Golden-winged Warbler Outreach on West Virginia's Private Lands
Golden-winged Warblers thrive in dynamic forested landscapes that are a composition of mature forest and young, shrubby habitat such as found in regenerative clearcuts and boggy wetlands. Working with private landowners to create and maintain enough young forest habitat across the landscape is crucial to help recover declining Golden-winged Warbler populations. In West Virginia, 88% of the state’s 12 million acres of forest are privately owned. The scale of outreach needed to inspire enthusiasm for young forests could be a full-time job in West Virginia and, in fact, that was exactly what several partners decided the state needed. In 2019, a joint Outreach Forester position among Appalachian Mountains Joint Venture, National Wild Turkey Federation, and West Virginia Division of Forestry was created to coordinate outreach efforts for the USDA Natural Resources Conservation Service (NRCS) Working Lands for Wildlife (WLFW) Golden-winged Warbler Initiative.
The Outreach Forester worked closely with the NRCS/West Virginia DNR Partner Biologist to connect private landowners to the available resources in their region. These efforts led to an incredible boost in interest in the WLFW program. After just 2 years, 136 new landowners had requested information and 541 acres had been enrolled in the initiative. Compared to the previous 5 years, it was a 54% increase and a huge win for the warblers!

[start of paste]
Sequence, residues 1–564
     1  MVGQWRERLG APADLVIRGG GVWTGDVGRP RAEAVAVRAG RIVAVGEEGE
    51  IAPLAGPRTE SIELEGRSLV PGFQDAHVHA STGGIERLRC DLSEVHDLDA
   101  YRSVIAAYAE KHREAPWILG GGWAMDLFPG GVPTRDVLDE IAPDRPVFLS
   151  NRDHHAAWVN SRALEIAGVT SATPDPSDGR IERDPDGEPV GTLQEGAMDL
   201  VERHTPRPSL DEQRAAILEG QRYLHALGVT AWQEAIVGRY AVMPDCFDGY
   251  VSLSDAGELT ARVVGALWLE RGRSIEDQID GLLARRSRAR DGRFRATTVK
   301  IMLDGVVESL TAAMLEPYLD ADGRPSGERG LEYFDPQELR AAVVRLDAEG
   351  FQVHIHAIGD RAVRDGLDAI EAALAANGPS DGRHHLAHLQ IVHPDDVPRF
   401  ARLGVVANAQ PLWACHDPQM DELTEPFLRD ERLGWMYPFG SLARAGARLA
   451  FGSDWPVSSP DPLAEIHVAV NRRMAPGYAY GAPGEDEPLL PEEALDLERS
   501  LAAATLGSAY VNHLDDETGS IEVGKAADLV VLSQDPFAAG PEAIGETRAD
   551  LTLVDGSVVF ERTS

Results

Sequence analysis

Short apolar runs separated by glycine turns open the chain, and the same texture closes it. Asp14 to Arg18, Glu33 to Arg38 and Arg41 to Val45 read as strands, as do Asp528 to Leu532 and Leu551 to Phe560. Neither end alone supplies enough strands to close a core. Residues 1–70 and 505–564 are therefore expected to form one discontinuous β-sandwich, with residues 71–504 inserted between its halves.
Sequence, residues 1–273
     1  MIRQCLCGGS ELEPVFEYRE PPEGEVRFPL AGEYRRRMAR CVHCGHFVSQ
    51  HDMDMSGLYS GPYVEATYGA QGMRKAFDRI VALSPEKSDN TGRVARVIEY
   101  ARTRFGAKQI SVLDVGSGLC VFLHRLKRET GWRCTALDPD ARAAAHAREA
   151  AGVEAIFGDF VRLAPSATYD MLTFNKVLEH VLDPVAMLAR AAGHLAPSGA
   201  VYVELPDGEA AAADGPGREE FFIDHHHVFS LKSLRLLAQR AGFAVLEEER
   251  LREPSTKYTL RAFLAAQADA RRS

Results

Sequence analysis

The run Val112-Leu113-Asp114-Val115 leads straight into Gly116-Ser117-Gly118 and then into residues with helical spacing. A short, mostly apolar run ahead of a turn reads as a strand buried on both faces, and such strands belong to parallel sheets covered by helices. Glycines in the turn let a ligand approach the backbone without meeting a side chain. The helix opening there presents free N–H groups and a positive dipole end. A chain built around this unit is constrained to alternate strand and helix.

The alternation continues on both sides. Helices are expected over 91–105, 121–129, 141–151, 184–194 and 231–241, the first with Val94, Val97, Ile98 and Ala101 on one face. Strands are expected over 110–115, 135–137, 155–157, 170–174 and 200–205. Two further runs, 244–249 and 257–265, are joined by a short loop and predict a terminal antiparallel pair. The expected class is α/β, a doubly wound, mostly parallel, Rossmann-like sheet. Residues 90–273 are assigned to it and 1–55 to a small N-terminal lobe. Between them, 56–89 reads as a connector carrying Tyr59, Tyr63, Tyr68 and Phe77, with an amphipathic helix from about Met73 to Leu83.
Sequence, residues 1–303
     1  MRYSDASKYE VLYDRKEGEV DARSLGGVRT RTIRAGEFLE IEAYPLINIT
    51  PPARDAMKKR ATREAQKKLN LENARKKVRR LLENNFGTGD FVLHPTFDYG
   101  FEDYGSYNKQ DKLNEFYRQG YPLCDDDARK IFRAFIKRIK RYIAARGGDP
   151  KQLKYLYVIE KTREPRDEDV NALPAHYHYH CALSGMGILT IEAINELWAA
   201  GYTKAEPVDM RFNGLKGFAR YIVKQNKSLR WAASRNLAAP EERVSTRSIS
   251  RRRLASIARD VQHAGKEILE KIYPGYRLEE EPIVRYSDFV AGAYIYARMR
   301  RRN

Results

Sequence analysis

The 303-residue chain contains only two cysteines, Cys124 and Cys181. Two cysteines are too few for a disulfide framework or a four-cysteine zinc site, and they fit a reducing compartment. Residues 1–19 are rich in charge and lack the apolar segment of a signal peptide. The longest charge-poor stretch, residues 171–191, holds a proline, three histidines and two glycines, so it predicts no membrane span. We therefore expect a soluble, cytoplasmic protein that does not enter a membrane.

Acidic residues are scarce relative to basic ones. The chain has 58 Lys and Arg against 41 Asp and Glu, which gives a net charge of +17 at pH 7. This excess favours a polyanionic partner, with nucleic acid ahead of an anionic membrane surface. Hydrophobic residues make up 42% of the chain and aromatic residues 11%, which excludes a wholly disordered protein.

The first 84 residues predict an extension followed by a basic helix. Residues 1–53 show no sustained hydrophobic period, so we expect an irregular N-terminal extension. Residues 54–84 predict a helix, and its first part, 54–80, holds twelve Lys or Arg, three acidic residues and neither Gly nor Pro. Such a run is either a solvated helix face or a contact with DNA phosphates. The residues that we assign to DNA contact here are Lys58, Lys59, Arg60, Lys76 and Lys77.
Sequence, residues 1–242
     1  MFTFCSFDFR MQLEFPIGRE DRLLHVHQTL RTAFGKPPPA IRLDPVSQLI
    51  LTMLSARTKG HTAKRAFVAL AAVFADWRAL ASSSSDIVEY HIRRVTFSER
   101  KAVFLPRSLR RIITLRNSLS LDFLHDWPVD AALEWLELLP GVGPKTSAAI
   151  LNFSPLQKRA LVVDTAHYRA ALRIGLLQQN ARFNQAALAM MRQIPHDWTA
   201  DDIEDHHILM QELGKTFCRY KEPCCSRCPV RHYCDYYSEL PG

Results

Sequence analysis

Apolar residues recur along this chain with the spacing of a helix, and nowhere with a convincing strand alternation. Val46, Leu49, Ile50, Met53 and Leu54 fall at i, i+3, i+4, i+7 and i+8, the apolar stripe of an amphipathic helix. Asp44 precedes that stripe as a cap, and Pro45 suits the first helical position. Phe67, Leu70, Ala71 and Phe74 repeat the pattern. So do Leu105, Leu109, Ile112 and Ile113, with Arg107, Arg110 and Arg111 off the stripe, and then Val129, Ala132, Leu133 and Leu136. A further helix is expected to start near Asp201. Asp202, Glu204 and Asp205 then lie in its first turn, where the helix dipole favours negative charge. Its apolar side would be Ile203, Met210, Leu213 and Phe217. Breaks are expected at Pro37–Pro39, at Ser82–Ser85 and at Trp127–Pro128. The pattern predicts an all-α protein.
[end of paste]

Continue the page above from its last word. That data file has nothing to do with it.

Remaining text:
The bulk of this outreach was conducted during the height of the COVID-19 pandemic, making it a unique challenge to meaningfully connect with landowners during a time with limited opportunities for in-person interactions. In addition to typical outreach methods like direct mailings and virtual presentations, an exciting virtual tour of young forests in West Virginia was successfully launched. The ArcGis Story Maps Tour uses 360 degree video to help landowners visualize what managing young forests would look like and help accomplish. It was completed in early 2022 and promises to be a valuable resource for land managers to share with private landowners. For example, take a look at the 360 degree video about the benefits of shelterwood harvests to Golden-winged Warblers in the Appalachians. Finding new ways to better connect and share information with both foresters and private landowners is ultimately helping maintain the overall diversity of the Appalachian forests as well as providing valuable resources and financial assistance for direct conservation action.